The Islamic Theocracy of Sa Hara
Motto: "لَا إِلٰهَ إِلَّا الله مُحَمَّدٌ رَسُولُ الله"
"There is no God but Allah, and Muhammad is his Messenger"
and largest city
• Supreme Leader
• Speaker of the Parliament
|Kachar El Nachar|
• Single-Party State
• 2016 census
• Per capita
|Time zone||UTC +6|
The Theocracy of Sa Hara, also known as Sa Hara, officially the Sa Haran Islamic Theocracy, is a large, safe nation, renowned for its compulsory military service and absence of drug laws. The cynical population of 62 million Sa Harans are ruled with an iron fist by the dictatorship government, which ensures that no-one outside the party gets too rich. In their personal lives, however, citizens are relatively unoppressed; it remains to be seen whether this is because the government genuinely cares about its people, or if it hasn't gotten around to stamping out civil rights yet.
The medium-sized, corrupt, well-organized government juggles the competing demands of Spirituality, Law & Order, and Welfare. The average income tax rate is 33.9%, but much higher for the wealthy. The sizeable but sluggish Sa Haran economy, worth 1.62 trillion Dinars a year, is broadly diversified. market activity is frequent. State-owned companies are common. Average income is 26,150 Dinars and evenly distributed, with the richest citizens earning only 2.0 times as much as the poorest. Crime, especially youth-related, is totally unknown, thanks to a well-funded police force and progressive social policies in education and welfare. Sa Hara's national animal is the cheetah.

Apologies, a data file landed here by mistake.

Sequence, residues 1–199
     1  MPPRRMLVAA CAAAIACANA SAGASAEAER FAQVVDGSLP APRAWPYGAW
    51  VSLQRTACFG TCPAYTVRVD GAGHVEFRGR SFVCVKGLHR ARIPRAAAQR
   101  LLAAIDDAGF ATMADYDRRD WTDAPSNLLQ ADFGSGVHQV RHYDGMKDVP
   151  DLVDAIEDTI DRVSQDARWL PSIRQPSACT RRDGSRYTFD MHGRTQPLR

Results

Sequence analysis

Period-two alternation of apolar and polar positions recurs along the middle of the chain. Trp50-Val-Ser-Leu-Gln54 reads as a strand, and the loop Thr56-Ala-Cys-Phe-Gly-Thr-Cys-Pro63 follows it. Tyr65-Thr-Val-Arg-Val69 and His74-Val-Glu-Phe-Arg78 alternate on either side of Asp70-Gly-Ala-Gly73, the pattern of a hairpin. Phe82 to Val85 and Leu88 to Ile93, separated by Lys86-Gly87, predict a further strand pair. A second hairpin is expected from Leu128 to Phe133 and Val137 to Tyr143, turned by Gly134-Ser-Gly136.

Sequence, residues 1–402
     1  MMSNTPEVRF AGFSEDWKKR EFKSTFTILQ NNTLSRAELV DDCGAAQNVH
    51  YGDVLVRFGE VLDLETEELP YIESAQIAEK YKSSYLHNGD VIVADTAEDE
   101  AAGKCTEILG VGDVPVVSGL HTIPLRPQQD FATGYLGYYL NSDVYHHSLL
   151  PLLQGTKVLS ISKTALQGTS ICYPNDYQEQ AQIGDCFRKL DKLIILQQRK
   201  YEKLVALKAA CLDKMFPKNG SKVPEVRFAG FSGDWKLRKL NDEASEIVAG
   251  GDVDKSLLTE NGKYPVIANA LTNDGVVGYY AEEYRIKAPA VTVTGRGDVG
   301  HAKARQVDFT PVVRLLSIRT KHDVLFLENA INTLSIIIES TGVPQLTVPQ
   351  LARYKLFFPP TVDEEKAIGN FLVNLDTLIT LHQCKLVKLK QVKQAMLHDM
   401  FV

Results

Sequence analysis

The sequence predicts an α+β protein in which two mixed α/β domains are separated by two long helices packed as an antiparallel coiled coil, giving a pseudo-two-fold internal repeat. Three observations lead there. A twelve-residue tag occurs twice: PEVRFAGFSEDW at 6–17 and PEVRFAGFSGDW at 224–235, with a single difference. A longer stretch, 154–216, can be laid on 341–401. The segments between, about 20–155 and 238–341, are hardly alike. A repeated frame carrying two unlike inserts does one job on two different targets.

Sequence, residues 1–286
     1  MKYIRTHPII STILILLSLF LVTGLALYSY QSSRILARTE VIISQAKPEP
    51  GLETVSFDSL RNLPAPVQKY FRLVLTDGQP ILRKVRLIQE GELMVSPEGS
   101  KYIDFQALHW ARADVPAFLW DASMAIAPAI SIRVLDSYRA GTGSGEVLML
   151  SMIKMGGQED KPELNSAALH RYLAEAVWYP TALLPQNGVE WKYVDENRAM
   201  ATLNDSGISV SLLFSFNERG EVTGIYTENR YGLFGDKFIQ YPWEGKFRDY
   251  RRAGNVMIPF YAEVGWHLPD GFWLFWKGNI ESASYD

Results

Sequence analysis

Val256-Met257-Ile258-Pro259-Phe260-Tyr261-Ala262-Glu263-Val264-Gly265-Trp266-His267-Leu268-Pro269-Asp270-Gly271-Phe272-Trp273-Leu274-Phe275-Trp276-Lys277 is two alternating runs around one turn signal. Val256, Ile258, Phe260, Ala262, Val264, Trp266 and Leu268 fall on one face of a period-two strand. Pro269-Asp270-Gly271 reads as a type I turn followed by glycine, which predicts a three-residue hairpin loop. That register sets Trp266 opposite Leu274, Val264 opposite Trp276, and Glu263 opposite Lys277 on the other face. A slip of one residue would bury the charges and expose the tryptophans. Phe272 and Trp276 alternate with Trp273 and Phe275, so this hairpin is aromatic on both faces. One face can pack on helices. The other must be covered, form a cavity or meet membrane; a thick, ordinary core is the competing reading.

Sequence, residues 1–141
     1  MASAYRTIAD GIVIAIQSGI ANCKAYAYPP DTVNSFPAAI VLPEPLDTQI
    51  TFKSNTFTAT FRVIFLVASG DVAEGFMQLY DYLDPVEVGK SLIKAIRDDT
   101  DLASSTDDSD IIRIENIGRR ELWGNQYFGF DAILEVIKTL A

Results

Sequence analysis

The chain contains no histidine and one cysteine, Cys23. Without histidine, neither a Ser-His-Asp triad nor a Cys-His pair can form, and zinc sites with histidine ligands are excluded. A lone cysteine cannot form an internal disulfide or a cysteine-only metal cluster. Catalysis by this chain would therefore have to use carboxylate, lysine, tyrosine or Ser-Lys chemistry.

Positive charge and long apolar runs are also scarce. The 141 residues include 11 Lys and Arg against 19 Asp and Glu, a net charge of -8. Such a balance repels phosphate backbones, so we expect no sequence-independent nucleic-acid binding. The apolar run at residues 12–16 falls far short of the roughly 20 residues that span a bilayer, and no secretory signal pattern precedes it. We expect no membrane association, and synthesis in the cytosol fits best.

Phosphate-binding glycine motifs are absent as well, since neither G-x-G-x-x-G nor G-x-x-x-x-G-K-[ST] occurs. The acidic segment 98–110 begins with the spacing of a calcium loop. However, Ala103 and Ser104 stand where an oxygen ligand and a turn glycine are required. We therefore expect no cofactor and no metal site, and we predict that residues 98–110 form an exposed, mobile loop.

Khwarezm is the country's capital and largest city, as well as its leading cultural and economic center. Sa Hara is a major regional and middle power, exerting considerable influence in international energy security and the world economy through its large reserves of fossil fuels, which include the largest natural gas supply in the world and the fourth-largest proven oil reserves. Sa Hara's rich cultural legacy is reflected in part by its UNESCO World Heritage Sites, the 12th-largest in the world.
People lived on the edge of Sa Hara thousands of years ago since the last ice age. Sa Hara was then a much wetter place than it is today. Over 30,000 petroglyphs of river animals such as crocodiles survive, with half found in the Tassili n'Ajjer in the southeast. Fossils of dinosaurs, including Afrovenator, Jobaria, and Ouranosaurus, have also been found here. Modern Sa Hara, though, is not lush in vegetation, except in the river valleys, at a few oases, and in the highlands, where plants such as the olive tree are found to grow. It was long believed that the region had been this way since about 1600 BCE, after shifts in the planet's axis increased temperatures and decreased precipitation. However, this theory has recently been called into dispute, when samples taken from several 7 million-year-old sand deposits led scientists to reconsider the timeline for desertification.